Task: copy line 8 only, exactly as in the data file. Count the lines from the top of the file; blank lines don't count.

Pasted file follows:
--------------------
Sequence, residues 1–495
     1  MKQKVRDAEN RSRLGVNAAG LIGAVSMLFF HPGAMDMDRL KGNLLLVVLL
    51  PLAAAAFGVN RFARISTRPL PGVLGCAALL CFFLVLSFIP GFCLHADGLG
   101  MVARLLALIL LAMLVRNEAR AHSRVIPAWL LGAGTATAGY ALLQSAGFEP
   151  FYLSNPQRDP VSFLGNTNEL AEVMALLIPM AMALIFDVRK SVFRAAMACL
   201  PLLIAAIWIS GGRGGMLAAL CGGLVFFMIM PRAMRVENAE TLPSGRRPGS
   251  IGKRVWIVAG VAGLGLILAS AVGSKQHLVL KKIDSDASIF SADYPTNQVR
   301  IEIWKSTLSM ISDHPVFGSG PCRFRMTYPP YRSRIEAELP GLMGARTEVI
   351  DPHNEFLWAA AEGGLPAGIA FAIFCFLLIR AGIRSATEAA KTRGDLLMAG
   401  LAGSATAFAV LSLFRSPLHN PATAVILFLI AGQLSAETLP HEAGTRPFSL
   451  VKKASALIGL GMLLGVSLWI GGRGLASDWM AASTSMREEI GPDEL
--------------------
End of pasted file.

   301  IEIWKSTLSM ISDHPVFGSG PCRFRMTYPP YRSRIEAELP GLMGARTEVI